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April 02, 2008

Octopuses sometimes dress in drag

The Associated Press: Study: Octopuses Kinky Creatures of Sea

SAN FRANCISCO (AP) — Wild octopuses are far from the shy, unromantic loners their captive brethren appear to be, a new study finds. Marine biologists from the University of California, Berkeley, who journeyed off the coast of Indonesia to study octopus love lives found a kinky and violent society of jealous murders, gender subterfuge and once-in-a-lifetime sex.

The scientists watched the Abdopus aculeatus octopus, which are the size of an orange, for several weeks, in research published recently in the science journal Marine Biology. They witnessed picky, macho males carefully select a mate, then guard their newly domesticated digs so jealously that they would occasionally use their 8-to-10-inch tentacles to strangle to death a romantic rival.

The researchers also observed smaller "sneaker" male octopuses put on feminine airs, such as swimming girlishly near the bottom and keeping their male brown stripes hidden in order to win unsuspecting conquests.

March 26, 2008

Our brains were never meant to read

We were never meant to read - Telegraph

Reading, says Wolf, changed history. More than that, it changes the brain. It creates new pathways in the brain, and, by doing this, makes us think in new ways. When you read, you see letters written on a page, then you recognise them as representations of sounds made by the human voice, then you join the sounds together to make words, then you fit the words together into sentences.

This takes an amazing amount of ultra-fast processing. Brains that do this are different from brains that don't.

One important thing to bear in mind is that our brains did not evolve to read. They evolved to hunt and gather, make campfires and so on. This means that reading is an act of improvisation - when you read, you're actually using parts of the brain that were designed to do other things. You are, as it were, patching together several different technologies.

That's why lots of people can't read very well - until very recently in human history, the ability to read written language was not adaptive; it conferred no advantages. But 50,000 years ago, on the savannah or the steppes, the dyslexic brain might well have given its possessor an edge.

(via Bookninja)

March 25, 2008

Boomerangs work in zero gravity

Does a boomerang thrown in space return to its pitcher? - space - 24 March 2008 - New Scientist

My mind has been blown.

Does a boomerang thrown in space return to its pitcher? It does if it was thrown inside an airy environment like the International Space Station, a Japanese astronaut proved last week. But scientists say he would have had different results if he had tossed the boomerang outside the orbiting outpost.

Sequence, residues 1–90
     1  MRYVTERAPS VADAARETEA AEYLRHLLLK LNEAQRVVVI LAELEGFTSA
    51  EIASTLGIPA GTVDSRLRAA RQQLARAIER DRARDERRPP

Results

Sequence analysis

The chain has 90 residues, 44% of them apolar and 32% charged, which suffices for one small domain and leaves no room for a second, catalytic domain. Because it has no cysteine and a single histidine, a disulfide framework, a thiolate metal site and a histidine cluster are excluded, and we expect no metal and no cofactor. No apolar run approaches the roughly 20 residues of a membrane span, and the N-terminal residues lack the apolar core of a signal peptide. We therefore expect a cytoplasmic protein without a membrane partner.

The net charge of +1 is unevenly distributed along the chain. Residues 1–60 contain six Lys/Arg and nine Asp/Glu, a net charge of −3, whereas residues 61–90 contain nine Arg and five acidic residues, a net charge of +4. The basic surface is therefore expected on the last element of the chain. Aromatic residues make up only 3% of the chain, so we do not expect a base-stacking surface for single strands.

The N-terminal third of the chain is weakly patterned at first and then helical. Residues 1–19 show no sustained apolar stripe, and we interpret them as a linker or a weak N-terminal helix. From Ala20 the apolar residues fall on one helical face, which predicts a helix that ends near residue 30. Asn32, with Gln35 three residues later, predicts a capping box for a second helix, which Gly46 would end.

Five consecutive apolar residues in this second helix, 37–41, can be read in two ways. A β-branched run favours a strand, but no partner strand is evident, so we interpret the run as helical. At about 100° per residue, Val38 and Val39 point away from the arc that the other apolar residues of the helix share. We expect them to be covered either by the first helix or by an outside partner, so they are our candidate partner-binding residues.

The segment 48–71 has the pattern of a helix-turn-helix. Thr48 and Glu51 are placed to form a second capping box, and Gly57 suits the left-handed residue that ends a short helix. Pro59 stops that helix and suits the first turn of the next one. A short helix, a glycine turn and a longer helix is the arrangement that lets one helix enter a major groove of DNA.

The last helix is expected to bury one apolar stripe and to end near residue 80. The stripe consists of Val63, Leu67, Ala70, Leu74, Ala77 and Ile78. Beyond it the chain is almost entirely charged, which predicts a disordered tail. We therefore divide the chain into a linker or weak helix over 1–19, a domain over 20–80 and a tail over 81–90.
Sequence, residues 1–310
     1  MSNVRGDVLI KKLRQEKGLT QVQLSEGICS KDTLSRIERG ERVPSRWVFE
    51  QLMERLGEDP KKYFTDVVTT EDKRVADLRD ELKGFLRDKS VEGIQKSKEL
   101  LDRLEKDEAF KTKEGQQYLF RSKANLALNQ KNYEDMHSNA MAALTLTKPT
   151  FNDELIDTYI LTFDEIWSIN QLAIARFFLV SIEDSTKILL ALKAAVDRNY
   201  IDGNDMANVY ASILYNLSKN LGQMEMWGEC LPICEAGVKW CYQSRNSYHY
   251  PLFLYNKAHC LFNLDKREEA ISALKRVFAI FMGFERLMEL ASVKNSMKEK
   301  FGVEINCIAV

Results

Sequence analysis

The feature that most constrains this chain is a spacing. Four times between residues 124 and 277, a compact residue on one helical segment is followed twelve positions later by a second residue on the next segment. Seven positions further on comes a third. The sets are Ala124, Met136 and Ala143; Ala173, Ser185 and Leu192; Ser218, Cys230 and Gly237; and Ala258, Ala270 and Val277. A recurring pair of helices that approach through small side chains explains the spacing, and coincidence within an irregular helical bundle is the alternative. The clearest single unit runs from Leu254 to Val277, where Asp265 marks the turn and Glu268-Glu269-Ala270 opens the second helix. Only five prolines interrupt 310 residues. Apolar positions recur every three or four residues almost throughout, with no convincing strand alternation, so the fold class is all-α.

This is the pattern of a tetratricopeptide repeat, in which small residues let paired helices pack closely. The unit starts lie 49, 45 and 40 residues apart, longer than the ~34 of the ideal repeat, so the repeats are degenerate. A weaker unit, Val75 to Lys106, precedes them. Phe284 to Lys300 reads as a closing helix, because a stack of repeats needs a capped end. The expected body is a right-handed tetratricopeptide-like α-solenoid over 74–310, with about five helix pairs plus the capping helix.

Takao Doi, an astronaut with the Japan Aerospace Exploration Agency, did the experiment while visiting the space station as part of NASA's latest space shuttle mission, which is scheduled to land on Wednesday.

The boomerang behaved no differently than on Earth, flying back to Doi after he threw it. "It flew just like on Earth, and I was really surprised and impressed," Doi told his wife in a chat from space, according to Japan's Mainichi Daily News.

March 24, 2008

Exposure to symbols and sigils can affect how you think

grinding.be -- Signs and Wonders

The team conducted an experiment in which 341 university students completed what they believed was a visual acuity task, during which either the Apple or IBM logo was flashed so quickly that they were unaware they had been exposed to the brand logo. The participants then completed a task designed to evaluate how creative they were, listing all of the uses for a brick that they could imagine beyond building a wall.

People who were exposed to the Apple logo generated significantly more unusual uses for the brick compared with those who were primed with the IBM logo, the researchers said. In addition, the unusual uses the Apple-primed participants generated were rated as more creative by independent judges.

“This is the first clear evidence that subliminal brand exposures can cause people to act in very specific ways,” said Greinne Fitzsimons. “We’ve performed tests where we’ve offered people $100 to tell us what logo was being flashed on screen, and none of them could do it. But even this imperceptible exposure is enough to spark changes in behavior.”

Other than their defined brand personalities, the researchers argue there is not anything unusual about Apple and IBM that causes this effect. The team conducted a follow-up experiment using the Disney and E! Channel brands, and found that participants primed with the Disney Channel logo subsequently behaved much more honestly than those who saw the E! Channel logos.